The ICS forks can be mostly used with the SCS / HIC compression systems, occasionally after some minor modifications. IHC forks are not recommended to be used with any other compression systems. Also If you’re thinking about weight, aluminium forks are lighter than the heavier steel forks.

Grips & Bar-ends:

Grips come with bar ends.  Some grips come with two sets of bar ends; a set for aluminum bars and another set for all other bars.


  1. Threaded headsets

Headsets are located underneath the clamp and make the handlebars and forks spin.

There are a few types of headsets that are used in scooters. The cheapest and most basic headset found in cheap, entry level scooters are threaded headsets. Mostly made up of steel, their performance is not nearly as smooth and silent as threadless headsets.

  1. Threadless standard headsets

The most basic threadless headsets are the same as threaded headsets, they just have a different cover cap that allows for the use of a threadless fork. Not very common on scooters in the market. They are designed to be used in combination with threadless forks and a standard deck headtube.

  1. Threadless integrated headsets

The most popular and widespread of all headsets is the threadless integrated headset.They come with industrial bearings and are mostly fully sealed. The caps are mostly made of aluminum and have a very smooth and quiet performance. Designed to be used with threadless forks and an integrated deck headtube.



Wheels come in a variety of designs, colours and sizes. With designs, some will be lighter than others depending if they are hollow or have cut-outs or are solid throughout. There are several different wheel diameters in the market today: 100 mm, 110 mm, 115 mm, 120 mm and 125 mm. In relation to all the threadless and one-piece forks, 100 mm and 110 mm wheels are compatible as a standard. A large percentage of forks can also accommodate 120 mm and 125 mm wheels. If you want to use 120 mm or 125 mm wheels check your current forks, deck and brake to see if it is compatible. Something to remember is the larger the diameter, the faster the wheel is and the better it will overcome minor surface bumps and cracks. Also, like with all wheels, soft wheels will be slower, more grippy and better on rough surfaces and harder wheels will be the opposite of that.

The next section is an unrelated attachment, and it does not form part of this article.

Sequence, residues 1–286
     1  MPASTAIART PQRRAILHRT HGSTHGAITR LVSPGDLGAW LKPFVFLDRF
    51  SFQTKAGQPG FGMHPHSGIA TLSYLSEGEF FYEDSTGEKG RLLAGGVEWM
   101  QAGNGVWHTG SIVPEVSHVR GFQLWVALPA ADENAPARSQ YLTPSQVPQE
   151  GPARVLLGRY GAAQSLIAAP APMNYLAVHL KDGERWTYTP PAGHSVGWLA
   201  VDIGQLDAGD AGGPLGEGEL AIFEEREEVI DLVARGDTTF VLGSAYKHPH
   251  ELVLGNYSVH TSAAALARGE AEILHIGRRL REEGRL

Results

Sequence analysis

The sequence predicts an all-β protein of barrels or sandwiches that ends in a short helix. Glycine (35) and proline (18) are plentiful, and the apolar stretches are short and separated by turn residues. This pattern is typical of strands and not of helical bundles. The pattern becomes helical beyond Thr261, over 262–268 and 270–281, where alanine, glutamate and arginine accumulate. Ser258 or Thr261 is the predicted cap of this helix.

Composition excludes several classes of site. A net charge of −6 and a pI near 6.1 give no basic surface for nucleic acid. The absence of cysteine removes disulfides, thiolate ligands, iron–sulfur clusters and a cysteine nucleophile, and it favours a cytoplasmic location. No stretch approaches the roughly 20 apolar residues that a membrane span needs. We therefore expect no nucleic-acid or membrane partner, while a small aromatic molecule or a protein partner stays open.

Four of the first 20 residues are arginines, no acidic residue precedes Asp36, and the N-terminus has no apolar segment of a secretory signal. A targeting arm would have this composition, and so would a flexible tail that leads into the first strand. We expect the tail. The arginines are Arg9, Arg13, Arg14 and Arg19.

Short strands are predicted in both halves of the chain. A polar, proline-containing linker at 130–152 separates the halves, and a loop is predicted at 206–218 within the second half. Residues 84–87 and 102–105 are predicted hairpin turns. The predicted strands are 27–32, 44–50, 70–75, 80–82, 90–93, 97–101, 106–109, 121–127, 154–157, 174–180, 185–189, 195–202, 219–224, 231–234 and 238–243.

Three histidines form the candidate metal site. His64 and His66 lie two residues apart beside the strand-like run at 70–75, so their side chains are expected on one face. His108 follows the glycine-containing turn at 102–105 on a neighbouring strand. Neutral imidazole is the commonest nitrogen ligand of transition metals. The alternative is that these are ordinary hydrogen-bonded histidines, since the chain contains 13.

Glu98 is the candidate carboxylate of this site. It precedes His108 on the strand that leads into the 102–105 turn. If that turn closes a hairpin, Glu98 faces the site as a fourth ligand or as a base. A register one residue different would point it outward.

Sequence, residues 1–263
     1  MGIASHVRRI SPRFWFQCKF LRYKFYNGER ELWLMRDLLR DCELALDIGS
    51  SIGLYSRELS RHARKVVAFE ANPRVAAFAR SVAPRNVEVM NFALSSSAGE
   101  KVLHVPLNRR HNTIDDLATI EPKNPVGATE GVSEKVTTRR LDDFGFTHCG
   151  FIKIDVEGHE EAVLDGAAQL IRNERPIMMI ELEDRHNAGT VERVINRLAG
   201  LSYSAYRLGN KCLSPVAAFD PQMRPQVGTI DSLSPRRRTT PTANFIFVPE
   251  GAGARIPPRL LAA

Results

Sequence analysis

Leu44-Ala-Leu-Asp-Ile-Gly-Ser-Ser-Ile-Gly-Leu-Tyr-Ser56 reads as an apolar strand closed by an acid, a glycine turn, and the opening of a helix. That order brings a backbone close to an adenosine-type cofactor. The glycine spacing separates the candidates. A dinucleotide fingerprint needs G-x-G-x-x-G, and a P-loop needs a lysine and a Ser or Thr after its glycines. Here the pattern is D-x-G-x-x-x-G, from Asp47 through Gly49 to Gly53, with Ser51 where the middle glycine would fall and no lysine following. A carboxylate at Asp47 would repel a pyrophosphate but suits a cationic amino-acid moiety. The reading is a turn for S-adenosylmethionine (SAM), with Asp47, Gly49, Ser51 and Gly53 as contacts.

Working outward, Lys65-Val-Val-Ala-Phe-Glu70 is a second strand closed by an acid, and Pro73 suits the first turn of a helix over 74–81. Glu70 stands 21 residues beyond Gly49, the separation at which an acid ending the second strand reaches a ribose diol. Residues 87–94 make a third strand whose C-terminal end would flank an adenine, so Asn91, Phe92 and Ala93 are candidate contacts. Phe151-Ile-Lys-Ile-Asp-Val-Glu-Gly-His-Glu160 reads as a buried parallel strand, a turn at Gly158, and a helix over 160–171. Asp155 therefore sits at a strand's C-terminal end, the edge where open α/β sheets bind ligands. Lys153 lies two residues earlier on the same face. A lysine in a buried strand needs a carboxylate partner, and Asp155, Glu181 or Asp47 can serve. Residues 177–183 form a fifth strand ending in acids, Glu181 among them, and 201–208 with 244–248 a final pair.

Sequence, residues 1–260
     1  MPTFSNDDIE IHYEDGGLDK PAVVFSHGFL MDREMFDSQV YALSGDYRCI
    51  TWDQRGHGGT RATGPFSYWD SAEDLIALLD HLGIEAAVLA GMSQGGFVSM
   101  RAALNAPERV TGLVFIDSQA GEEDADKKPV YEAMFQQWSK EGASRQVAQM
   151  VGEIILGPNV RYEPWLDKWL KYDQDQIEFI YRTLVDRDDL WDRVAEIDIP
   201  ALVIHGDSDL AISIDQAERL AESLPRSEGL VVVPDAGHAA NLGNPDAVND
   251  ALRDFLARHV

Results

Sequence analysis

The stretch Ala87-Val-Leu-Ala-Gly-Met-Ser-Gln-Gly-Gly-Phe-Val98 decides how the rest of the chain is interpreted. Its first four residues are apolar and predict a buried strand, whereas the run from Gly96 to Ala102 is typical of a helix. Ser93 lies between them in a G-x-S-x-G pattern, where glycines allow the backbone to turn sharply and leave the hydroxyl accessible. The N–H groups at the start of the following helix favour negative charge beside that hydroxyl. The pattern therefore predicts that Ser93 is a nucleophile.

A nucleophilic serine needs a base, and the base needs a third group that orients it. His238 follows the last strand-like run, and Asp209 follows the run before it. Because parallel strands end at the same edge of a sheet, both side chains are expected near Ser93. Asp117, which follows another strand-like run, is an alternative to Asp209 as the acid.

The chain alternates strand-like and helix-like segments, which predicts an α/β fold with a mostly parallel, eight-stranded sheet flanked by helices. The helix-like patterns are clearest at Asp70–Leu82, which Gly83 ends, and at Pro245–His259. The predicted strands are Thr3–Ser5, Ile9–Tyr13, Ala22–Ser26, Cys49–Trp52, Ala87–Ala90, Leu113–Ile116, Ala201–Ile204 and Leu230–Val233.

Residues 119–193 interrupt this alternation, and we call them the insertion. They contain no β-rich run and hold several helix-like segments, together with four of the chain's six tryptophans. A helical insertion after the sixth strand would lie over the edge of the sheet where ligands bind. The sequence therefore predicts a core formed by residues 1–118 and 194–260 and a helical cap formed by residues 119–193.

Most wheels come with pre-installed bearings but double-check before purchasing as you may need to acquire them separately. With bearings on the ABEC scale it goes from slowest to fastest numerically, ABEC 1 being the slowest and ABEC 9 being the fast high-performing bearing. For additional performance Henrietta recommends looking into Swiss or Ceramic bearings as they are the fastest and highest quality types of bearings available.


There are several types of clamps such as single, double, triple and quad clamps (in relation to the number of bolts). Something important to remember is if the bar is designed for a double clamp it is highly recommended to use a double clamp as you can damage the bar by using a different type of clamp such as a triple or quad clamp, so always make sure to follow the specifications of the bar manufacturer.Clamps are available in 2 different diameters to suit the different sizes of the bars. 32 mm clamps will fit on standard bars and 34.9 mm clamps fit onto oversized bars. Some 34.9mm clamps will include a shim to make the inner diameter 32 mm, which allows for use on standard and oversized bars. SCS clamps have built-in compression systems and function as a clamp as well as a compression system. With SCS clamps your bars cannot have a slit as the compression system will not work on your scooter.


Most decent freestyle scooters will come with a flex brake. A flex brake will be made of steel, plastic or a mix of both materials.They bend on the wheel to brake and give you a more consistent, controlled braking response. If you still have a spring brake, which are common on cheaper, entry-level scooters, think about changing your setup if you are wanting to get more serious into freestyle riding.

Commonly you will find that you usually need to use the brake made for your deck. All brands will have replacement parts to choose from and if you do want to change to a different style brake, you can first check compatibility and try a universal brake.